The official Space Force ranks are here, and sadly they don’t include ‘space cadet’
Lower enlisted Guardians are very special.
The nation’s oldest space service released its long-awaited rank structure and boy is it special. In fact, the first four enlisted ranks are Specialist 1, 2, 3 and 4, which shows that the spacefaring Guardians have all the creativity of a lowly planetlubber. And no, ‘space cadet,’ is not an official rank, sadly.
The new Space Force ranks for enlisted and officers were first revealed in a memo that was posted to the popular Facebook page Air Force amn/nco/snco on Friday. A Space Force spokesman confirmed the memo’s authenticity for Task & Purpose. The rank names go into effect on February 1.
After a Guardian climbs through the specialist ranks, they can keep rising up the noncommissioned officer ranks to become a sergeant, tech sergeant, master sergeant, senior master sergeant and chief master sergeant. The most-senior enlisted Space Force member will be known as Chief Master Sergeant of the Space Force. So it’s basically the Air Force, with a dash of Army ranks to keep things spicy.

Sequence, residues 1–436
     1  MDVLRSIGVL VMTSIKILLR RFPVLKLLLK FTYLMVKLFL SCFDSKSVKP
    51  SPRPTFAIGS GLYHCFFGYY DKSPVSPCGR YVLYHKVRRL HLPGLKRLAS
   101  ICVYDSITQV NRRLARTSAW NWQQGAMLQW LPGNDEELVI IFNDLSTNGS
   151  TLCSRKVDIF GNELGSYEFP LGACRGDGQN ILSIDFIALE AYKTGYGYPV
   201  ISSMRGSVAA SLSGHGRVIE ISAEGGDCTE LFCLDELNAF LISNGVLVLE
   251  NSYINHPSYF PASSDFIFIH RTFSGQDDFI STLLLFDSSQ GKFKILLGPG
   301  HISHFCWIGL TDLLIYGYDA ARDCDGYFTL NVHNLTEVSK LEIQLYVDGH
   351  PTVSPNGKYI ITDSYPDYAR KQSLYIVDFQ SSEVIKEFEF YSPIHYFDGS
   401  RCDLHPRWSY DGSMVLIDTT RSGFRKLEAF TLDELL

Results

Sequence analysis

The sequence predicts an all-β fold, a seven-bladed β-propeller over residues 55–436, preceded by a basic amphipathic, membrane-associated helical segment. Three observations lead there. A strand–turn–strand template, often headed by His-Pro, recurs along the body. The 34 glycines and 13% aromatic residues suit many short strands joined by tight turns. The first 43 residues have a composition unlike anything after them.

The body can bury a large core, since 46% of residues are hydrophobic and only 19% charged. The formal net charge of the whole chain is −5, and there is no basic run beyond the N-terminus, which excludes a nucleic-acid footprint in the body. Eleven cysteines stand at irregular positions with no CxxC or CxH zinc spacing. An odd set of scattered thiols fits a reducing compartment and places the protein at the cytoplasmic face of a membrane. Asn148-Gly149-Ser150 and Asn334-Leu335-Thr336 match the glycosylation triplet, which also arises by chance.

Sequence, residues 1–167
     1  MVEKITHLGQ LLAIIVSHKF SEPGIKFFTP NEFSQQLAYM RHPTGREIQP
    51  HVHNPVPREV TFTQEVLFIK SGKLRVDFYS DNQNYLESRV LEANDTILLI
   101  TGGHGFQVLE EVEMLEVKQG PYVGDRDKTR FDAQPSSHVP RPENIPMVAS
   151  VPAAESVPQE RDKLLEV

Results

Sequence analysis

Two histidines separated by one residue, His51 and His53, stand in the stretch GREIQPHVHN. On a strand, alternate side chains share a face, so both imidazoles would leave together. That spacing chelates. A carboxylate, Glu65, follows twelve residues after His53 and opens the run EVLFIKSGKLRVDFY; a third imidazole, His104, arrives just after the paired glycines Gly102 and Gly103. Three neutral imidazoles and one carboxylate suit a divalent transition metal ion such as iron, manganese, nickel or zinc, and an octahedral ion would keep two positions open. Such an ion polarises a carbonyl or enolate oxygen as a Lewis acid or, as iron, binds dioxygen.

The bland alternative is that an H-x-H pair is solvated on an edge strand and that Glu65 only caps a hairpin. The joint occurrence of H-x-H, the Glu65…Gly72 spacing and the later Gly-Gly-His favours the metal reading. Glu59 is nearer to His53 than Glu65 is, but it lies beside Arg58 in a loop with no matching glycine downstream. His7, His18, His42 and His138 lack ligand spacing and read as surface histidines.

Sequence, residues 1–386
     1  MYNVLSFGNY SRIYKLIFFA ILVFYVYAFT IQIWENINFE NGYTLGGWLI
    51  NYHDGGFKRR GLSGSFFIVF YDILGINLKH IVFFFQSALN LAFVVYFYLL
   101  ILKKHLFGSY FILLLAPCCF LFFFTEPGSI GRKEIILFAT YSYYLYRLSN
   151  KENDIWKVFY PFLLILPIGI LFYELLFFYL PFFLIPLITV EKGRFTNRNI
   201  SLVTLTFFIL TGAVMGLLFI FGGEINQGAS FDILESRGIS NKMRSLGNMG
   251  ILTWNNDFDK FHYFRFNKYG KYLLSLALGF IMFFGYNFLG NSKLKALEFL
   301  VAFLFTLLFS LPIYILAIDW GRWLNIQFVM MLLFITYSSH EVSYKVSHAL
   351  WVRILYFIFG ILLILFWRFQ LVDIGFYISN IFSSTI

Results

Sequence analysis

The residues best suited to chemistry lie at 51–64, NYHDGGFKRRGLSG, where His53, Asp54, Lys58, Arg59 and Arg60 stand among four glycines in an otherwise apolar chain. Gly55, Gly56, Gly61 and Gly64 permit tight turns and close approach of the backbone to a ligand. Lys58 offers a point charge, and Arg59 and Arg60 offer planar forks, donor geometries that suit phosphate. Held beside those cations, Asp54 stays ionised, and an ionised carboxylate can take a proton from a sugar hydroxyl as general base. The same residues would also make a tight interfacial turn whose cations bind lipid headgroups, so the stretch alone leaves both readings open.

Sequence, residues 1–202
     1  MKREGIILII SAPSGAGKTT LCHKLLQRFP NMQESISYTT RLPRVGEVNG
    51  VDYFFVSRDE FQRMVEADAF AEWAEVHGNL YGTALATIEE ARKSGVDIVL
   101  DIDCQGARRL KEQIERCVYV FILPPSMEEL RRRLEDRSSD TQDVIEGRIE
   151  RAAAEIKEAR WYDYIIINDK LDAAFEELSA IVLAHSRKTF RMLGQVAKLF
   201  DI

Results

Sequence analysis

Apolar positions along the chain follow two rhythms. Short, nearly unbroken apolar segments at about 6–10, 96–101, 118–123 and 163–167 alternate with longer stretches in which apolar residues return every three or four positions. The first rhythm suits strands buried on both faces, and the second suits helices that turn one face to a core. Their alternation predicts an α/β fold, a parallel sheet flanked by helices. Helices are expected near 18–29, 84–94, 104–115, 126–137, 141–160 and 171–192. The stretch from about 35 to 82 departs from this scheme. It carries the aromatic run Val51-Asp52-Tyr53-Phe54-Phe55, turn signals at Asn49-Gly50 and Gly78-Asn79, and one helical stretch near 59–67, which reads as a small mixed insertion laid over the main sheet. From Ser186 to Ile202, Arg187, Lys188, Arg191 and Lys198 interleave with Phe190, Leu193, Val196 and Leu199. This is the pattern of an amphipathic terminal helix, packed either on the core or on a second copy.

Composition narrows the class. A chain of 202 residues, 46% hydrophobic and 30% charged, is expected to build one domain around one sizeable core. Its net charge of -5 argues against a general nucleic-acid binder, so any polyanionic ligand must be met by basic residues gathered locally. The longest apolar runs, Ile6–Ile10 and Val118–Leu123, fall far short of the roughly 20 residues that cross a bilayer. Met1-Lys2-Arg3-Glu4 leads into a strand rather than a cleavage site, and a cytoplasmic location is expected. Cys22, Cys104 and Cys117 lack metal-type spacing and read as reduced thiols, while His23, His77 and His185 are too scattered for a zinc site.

The rank structure for Space Force officers should look very similar to officers in the Air Force, Army and Marine Corps. In fact, it is exactly the same, starting with a lowly second lieutenant and rising up to full general.
When the Space Force was first formed at the end of 2019, there were so many questions about what the new branch would look like. What would they choose for uniforms, rank names, motto, song, or the official flag? Gradually, many of those questions have been answered. We know that members of Space Force are called Guardians, the motto is Semper supra (always above), the seal and flag look like something out of Star Trek, and the ranks are oh-so-special. Hopefully, we’ll get a good look at the uniforms this year, and we can only hope they’ll look like this:
Featured image: Airmen recite the oath of office before transferring into the U.S. Space Force during a ceremony at the Pentagon, Arlington, Va., Sept. 15, 2020. About 300 airmen at bases worldwide, including 22 in the audience, transferred during the ceremony. (U.S. Air Force photo by Eric Dietrich)